Revamped, renamed, reopened: Musée Ingres Bourdelle honours Montauban's masters

After €13m expansion, French museum brings together works by painter Jean-Auguste-Dominique Ingres and sculptor Emile-Antoine Bourdelle

Martial Raysse's Made in Japan - La Grande Odalisque (1964) is part of a temporary exhibition at the museum © Centre Pompidou; MNAM-CCI; Dist. RMN-Grand Palais / Philippe Migeat

The city of Montauban in southern France is the birthplace of the painter Jean-Auguste-Dominique Ingres (1780-1867) and the sculptor Emile-Antoine Bourdelle (1861-1929). Its star museum, formerly known as Musée Ingres and home to the world’s second-largest Ingres collection after the Louvre, will reopen on 14 December after a three-year revamp under the names of both French masters.

Ingres’s The Virgin (hands and feet) (1867) is one of 4,500 drawings that will be shown on rotation at the renovated Musée Ingres Bourdelle in France Ville de Montauban/Musée Ingres Bourdelle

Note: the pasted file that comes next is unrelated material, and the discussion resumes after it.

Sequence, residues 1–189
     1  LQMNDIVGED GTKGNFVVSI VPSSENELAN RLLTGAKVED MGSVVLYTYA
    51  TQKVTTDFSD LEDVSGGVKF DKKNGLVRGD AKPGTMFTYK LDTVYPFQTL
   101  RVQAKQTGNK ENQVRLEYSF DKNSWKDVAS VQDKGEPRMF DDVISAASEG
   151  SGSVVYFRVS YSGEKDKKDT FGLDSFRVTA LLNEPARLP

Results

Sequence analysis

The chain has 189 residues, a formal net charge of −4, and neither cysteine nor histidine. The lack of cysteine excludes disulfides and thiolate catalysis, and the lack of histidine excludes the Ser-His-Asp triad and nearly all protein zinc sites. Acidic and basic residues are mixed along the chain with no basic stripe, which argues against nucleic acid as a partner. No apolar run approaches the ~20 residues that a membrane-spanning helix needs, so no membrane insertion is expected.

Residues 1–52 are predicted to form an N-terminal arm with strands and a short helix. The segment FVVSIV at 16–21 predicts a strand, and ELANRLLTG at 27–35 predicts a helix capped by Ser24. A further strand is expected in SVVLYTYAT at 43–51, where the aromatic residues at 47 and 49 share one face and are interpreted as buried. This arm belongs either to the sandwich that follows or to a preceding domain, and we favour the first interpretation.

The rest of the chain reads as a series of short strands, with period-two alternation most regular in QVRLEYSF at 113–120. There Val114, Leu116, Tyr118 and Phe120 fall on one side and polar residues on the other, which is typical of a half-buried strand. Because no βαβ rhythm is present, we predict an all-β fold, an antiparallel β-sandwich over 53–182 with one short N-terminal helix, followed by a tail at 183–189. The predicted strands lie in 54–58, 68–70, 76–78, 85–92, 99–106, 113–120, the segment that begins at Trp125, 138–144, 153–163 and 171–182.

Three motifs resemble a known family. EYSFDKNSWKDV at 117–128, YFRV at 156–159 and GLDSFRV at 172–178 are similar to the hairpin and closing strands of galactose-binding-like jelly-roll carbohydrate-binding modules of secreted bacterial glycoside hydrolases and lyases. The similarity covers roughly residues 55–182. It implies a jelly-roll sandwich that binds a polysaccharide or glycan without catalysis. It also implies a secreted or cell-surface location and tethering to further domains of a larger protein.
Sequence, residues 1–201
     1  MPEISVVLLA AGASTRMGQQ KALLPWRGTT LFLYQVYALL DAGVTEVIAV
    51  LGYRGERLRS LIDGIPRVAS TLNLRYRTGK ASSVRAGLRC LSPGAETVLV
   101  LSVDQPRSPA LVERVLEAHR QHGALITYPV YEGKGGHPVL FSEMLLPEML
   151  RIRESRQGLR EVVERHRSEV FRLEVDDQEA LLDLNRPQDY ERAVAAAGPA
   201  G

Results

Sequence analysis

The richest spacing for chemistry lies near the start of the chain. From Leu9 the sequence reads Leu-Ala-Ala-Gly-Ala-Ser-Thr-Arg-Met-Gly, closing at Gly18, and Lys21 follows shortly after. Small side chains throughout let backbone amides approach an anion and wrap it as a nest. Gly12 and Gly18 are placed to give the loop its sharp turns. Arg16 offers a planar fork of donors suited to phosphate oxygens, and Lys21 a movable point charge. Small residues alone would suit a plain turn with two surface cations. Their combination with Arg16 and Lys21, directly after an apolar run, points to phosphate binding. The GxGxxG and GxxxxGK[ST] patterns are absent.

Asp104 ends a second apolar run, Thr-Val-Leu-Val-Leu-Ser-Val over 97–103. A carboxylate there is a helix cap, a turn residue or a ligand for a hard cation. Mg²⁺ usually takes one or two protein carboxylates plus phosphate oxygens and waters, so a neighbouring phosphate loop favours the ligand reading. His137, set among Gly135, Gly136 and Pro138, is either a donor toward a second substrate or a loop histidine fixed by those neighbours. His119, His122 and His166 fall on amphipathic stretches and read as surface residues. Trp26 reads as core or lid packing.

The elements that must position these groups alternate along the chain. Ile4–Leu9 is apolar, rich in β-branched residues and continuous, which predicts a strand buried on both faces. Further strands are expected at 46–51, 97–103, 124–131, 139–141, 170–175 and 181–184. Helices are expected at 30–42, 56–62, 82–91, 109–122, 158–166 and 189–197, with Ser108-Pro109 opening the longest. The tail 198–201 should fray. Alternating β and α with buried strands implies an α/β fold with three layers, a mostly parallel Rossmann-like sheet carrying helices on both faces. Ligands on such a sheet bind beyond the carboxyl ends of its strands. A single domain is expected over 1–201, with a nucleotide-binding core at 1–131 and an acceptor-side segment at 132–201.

Musée Ingres Bourdelle “does not exactly roll off the tongue”, admits its director, Florence Viguier. “But we wanted to highlight that Montauban has been a cultural crossroads for centuries.”

A €13m expansion has overhauled the museum’s displays and improved visitor facilities and access. Part of the third floor, which had been demolished in the 19th century for safety reasons, was rebuilt, adding 700 sq. m of space where Ingres’s drawings will be shown on rotation among items from his personal collection.

The Musée Ingres Bourdelle ©  Ville de Montauban; Musée Ingres Bourdelle

“Ingres’s drawings are so detailed they call for slower contemplation,” Viguier says. “We thought it best to display them in wide drawers to protect them from artificial lighting and let visitors enjoy them in their own time.”

She describes the reinstalled museum as a “bouquet”, in which “each floor is a flower and the stems connect at the entrance”. The second level will be dedicated to paintings made or owned by Ingres, as well as works by his students. Temporary exhibitions will be located on the ground floor, along with a new bookshop and café. Two underground levels are devoted to Bourdelle and the museum’s archaeological collections.

Miguel Chevalier's L’œil de la machine (2019)

As the oldest part of the building, which has not yet been renovated, the basement is “where I wanted to invite the 21st century in”, Viguier says. French artist Miguel Chevalier has created an interactive digital installation that distorts images of Ingres’s most emblematic paintings as visitors move around the space.